Posts tagged ‘developmental delay’
C tends to be on one end of the spectrum or the other, no pun intended. Inevitably during the first weeks of each school year, C’s teacher will email me asking, “Does C go to the bathroom a lot at home? Because he’s going a lot here…” I have to explain to them that he will go a lot (mostly to explore) at first, and then it will wear off…then they’ll email me later in the year with concerns that he’s not going enough during the day.
Every. Single. Year.
As is his way, C tends to overdo, generally followed later by underdo. It’s sometimes entertaining and sometimes dangerous (like the kindergarten bathroom experience during his plumbing phase, where he got diarrhea so often it prompted him to ask me if everyone got it once a month). If nothing else, it’s always interesting.
This time, it’s the Bible. We knew it would happen; his previous inexposure to church coupled with an immersion into an Evangelical Christian school would likely result in a soaking up of the information like a sponge. The Bible is appealing to C as it has lots of numbers, chapters, and short clips to memorize. I don’t even have to quiz him on his weekly Bible verse as he usually has it memorized on the first day it is assigned. C asks everyone their favorite verse. It is reminiscent of his weight phase when he was four and asked everyone he encountered – and I mean everyone – their weight. We were all too happy when that one passed. I don’t think I’ve ever explained or apologized as much as I did during that phase.
But I reached my limit this afternoon after 20 solid minutes of Bible discussion – or more of a one-sided fountain of information with few spaces for breath - in the car. ”I don’t like Levicious (Leviticus) or Dotonony (Deuteronomy), Mom. What’s your favorite verse you learned by heart? I already know this week’s verse. It’s _____. Mrs. T’s favorite verse is ___, and I asked her if we could learn that next week. So the Jews like the Old Testament and the Christians the New Testament, right? I think I like the Psalms. I know Pa’s favorite verse. I’m not the nicest kid in the world, Mom, Jesus is. Whose name do you say when you pray, God or Jesus? I say Jesus or the Holy Spirit. Did you pray that Mrs. T’s smartboard would work today, Mom? I did. You know you should pray five times a day, don’t you? Do you? Pray five times a day? I do.”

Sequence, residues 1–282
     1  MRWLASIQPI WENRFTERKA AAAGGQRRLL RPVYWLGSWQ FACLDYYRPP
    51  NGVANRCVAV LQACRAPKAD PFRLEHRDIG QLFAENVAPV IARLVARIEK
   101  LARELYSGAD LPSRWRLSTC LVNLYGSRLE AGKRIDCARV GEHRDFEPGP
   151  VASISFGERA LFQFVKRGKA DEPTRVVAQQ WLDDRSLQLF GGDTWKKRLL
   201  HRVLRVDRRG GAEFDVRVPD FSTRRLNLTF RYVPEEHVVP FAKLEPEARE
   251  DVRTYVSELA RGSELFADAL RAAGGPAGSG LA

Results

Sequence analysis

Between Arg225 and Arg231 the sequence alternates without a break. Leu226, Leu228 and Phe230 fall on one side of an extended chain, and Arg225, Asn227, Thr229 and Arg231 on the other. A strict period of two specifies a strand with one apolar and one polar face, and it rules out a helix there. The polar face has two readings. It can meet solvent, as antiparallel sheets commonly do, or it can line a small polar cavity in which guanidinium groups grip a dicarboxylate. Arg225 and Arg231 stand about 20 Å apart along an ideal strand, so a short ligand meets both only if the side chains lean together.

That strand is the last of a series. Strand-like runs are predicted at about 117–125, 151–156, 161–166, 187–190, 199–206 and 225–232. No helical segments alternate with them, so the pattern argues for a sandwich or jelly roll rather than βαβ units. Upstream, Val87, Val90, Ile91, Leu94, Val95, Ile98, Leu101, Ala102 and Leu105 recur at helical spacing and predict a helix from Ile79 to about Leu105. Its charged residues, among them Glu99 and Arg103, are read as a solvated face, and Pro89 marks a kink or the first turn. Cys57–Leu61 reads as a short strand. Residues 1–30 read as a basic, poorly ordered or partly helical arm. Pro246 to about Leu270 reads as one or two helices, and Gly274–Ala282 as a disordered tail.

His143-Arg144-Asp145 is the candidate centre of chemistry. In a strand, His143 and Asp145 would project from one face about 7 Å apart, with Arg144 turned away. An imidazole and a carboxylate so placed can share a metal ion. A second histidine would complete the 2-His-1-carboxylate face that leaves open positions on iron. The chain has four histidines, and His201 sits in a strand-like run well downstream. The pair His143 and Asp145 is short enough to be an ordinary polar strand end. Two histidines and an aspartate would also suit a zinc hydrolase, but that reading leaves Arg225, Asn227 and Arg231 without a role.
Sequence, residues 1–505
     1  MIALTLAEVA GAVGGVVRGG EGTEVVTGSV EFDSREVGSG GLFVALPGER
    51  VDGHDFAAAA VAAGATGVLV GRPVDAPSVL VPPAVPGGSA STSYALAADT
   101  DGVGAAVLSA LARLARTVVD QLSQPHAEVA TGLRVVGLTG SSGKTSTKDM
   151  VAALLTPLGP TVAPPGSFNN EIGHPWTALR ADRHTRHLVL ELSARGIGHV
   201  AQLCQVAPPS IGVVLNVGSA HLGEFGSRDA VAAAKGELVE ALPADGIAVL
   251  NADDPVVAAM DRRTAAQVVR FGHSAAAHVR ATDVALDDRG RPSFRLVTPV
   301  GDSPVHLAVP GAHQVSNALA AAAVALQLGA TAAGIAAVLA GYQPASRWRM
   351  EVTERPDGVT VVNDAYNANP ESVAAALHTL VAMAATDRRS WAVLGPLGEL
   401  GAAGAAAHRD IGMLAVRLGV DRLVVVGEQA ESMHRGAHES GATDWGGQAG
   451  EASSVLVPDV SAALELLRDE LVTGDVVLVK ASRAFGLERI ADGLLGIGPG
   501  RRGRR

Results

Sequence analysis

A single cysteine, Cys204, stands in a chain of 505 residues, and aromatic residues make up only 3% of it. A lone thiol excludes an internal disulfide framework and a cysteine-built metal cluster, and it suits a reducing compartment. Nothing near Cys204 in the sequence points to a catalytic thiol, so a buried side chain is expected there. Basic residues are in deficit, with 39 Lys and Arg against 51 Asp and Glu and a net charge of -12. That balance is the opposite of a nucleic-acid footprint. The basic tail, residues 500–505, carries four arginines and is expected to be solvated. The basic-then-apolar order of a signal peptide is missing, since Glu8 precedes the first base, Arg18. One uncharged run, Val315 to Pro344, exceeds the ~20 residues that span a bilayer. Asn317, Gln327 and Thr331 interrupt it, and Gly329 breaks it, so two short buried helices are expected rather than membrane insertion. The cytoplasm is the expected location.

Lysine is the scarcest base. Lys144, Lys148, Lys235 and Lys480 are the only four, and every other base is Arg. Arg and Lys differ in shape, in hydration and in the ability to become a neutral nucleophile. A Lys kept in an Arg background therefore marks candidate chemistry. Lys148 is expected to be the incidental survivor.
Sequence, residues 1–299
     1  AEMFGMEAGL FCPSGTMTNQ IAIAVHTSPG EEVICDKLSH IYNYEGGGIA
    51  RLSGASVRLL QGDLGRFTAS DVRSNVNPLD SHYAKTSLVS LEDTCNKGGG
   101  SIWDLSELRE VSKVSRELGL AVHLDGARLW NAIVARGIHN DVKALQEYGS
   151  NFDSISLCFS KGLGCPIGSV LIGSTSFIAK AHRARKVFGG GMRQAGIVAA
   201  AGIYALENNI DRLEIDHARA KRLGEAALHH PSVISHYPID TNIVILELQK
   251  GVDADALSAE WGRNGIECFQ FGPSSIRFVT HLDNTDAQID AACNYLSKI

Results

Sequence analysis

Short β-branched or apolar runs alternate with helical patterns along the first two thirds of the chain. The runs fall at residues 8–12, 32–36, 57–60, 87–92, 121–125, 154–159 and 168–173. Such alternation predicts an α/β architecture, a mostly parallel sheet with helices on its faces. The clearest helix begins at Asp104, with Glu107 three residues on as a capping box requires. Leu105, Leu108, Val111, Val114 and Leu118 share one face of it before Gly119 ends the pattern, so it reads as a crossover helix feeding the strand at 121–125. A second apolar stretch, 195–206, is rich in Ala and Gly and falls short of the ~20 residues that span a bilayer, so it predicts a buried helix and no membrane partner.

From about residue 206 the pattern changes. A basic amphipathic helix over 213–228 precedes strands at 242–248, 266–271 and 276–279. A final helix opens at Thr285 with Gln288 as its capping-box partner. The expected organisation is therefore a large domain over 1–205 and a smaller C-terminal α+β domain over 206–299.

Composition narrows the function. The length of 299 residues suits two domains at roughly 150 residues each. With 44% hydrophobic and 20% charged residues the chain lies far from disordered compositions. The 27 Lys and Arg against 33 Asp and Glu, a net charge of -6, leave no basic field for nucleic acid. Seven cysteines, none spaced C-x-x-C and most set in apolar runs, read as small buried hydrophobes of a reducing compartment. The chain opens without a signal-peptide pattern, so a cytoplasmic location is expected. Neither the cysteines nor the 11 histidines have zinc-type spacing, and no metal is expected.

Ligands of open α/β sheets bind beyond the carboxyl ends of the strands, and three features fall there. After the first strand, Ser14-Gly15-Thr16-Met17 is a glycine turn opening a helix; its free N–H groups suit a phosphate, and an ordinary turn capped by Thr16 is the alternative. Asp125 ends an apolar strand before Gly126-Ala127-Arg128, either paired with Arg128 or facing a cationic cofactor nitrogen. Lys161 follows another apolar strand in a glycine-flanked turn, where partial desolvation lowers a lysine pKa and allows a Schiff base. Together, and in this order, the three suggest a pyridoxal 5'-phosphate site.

I finally had to ask him to stop. I could barely get a word in edgewise. We’ve had therapists tell us in the past to stop him when he’s going on and on about a special interest, all while ignoring all the cues from other people who have lost interest long ago. We’ve also had therapists tell us that we should be his soft place to fall and should engage and immerse ourselves in C’s special interests every bit as much as he does. I don’t know what the answer is, but I know I’d heard enough proselytizing for a Friday afternoon and had to call “enough.”